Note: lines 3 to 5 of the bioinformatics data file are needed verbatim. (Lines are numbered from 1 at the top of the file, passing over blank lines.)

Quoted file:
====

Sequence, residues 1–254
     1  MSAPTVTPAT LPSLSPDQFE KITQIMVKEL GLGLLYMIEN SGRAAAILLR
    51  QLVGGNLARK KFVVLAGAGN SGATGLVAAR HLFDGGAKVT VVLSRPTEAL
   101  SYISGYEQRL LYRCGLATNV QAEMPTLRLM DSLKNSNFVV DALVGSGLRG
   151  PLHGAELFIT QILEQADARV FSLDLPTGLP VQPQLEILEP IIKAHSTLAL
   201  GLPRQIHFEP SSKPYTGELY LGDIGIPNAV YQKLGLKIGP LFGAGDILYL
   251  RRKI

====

    51  QLVGGNLARK KFVVLAGAGN SGATGLVAAR HLFDGGAKVT VVLSRPTEAL
   101  SYISGYEQRL LYRCGLATNV QAEMPTLRLM DSLKNSNFVV DALVGSGLRG
   151  PLHGAELFIT QILEQADARV FSLDLPTGLP VQPQLEILEP IIKAHSTLAL